WASHINGTON (UPI) — Federal spending on health care-related programs exceeded the amount given to Social Security for the first time in history in 2015, the Congressional Budget Office said in a ten-year fiscal outlook Monday — which also said the federal deficit will increase in 2016 for the first time in six years, and that accompanying public debt could reach crisis-levels in the decades to come.
Money spent on health programs like Medicare, Medicaid, the Children’s Health Insurance Program and ACA subsidies amounted to $936 billion last year, the CBO’s report said — $54 billion more than Social Security received ($882B).
Spending on Social Security increased by $37 billion in 2015, an increase of 4 percent — while health spending rose 13 percent, or $105 billion, from 2014. A $48 billion hike in Medicaid spending represented the largest increase, at 16 percent.
The figures were included on page nine of the office’s budget outlook for the next decade, which was posted to the CBO website Monday.
“The sharp rise over the past two years occurred mainly because of new enrollees added by the 30 states plus the District of Columbia that had adopted the optional expansion of coverage authorized by the ACA,” the report said.
One of the main acknowledgements of the report is an expectation that the federal budget deficit will grow to $544 billion in 2016, up from $439 billion in 2015 — the first increase since the end of the financial crisis in 2009, which ushered in six consecutive years of declines.
The CBO report said, though, that the current trajectory indicates further deficit increases are coming for the next ten years, at least.
“If current laws generally remained unchanged, the deficit would grow over the next 10 years, and by 2026 it would be considerably larger than its average over the past 50 years,” it said.
“The 2016 deficit that CBO currently projects is $130 billion higher than the one that the agency projected in August 2015. That increase is largely attributable to legislation enacted since August — in particular, the retroactive extension of a number of provisions that reduce corporate and individual income taxes.”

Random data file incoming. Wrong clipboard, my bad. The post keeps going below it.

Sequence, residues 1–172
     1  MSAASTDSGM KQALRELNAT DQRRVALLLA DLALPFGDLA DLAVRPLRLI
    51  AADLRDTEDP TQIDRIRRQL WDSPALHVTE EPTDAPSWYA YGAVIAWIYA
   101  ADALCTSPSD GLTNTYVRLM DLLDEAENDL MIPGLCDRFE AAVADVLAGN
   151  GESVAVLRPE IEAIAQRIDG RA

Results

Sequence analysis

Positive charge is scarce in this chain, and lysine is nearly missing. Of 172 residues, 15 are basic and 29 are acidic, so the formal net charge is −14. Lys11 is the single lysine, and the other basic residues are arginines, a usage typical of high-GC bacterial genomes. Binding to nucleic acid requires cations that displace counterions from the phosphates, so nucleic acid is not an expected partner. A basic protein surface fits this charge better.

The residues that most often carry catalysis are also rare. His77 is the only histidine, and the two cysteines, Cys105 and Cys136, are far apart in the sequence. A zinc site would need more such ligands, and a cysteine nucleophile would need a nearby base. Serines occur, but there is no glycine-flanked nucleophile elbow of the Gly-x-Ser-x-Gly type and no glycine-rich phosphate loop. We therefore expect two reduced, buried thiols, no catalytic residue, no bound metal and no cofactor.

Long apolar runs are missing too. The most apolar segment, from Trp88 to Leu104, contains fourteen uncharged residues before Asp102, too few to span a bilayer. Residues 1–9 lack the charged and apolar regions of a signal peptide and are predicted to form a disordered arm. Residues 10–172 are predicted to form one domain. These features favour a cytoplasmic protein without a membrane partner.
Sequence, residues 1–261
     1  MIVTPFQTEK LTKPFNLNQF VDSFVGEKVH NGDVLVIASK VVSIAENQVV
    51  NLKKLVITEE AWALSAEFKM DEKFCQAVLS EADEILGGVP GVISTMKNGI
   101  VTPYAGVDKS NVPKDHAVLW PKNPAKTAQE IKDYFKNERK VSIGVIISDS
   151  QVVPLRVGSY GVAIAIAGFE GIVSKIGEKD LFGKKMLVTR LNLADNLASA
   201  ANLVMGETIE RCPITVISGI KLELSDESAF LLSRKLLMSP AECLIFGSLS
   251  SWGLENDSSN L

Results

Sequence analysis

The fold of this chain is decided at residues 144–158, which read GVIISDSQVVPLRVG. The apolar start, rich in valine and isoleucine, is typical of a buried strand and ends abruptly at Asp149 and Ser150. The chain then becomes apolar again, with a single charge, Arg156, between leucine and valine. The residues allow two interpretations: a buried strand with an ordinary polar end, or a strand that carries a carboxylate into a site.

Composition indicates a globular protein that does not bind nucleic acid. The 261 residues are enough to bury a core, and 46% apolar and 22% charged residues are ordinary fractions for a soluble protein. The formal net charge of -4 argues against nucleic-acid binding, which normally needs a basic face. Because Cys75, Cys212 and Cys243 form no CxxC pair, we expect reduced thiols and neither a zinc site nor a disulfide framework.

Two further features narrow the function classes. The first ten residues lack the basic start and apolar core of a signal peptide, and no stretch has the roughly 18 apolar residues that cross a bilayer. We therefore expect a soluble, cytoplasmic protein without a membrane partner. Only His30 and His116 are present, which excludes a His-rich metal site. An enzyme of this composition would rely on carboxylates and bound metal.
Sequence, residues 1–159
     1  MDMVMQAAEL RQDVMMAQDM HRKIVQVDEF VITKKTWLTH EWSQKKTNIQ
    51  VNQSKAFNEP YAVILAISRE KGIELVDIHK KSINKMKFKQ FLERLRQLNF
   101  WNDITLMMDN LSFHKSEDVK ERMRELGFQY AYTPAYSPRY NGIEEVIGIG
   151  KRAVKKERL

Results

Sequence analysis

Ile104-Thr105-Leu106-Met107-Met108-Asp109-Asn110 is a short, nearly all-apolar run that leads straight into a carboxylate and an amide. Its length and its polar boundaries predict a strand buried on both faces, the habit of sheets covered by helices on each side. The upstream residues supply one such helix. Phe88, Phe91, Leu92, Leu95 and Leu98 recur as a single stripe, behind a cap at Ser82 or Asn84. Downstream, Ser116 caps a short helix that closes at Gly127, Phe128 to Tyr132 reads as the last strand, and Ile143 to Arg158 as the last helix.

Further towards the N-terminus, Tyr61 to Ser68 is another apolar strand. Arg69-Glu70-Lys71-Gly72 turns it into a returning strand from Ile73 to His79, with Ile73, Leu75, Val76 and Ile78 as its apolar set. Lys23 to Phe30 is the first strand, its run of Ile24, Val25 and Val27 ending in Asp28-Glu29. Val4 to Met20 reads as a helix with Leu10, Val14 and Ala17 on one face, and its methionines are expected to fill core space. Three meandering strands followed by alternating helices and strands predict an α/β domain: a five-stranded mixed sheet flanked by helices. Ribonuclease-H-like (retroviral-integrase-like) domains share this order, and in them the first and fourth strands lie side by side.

The CBO said it expects the rising deficits to accompany a continually-improving domestic economy in the next decade — a forecast that’s largely in-step with what many fiscal analysts also predict.
“The economy will expand solidly this year and next. Increases in demand for goods and services are expected to reduce the quantity of underused labor and capital … encouraging greater participation in the labor force by reducing the unemployment rate and pushing up compensation,” the report continued. “That reduction in slack will also push up inflation and interest rates.”
The CBO report, however, warned of potentially disastrous consequences in the longer term if public debt, which typically accompanies rising deficits, balloons to expected record levels without legislative intervention by Congress.
“The projected deficits would push debt held by the public up to 86 percent of Gross Domestic Product by the end of the 10-year period, a little more than twice the average over the past five decades,” the report said. “Beyond the 10-year period, if current laws remained in place, the pressures that had contributed to rising deficits during the baseline period would accelerate and push debt up even more sharply.
“Three decades from now, for instance, debt held by the public is projected to equal 155 percent of GDP, a higher percentage than any previously recorded in the United States. Such high and rising debt would have serious negative consequences for the budget and the nation.”
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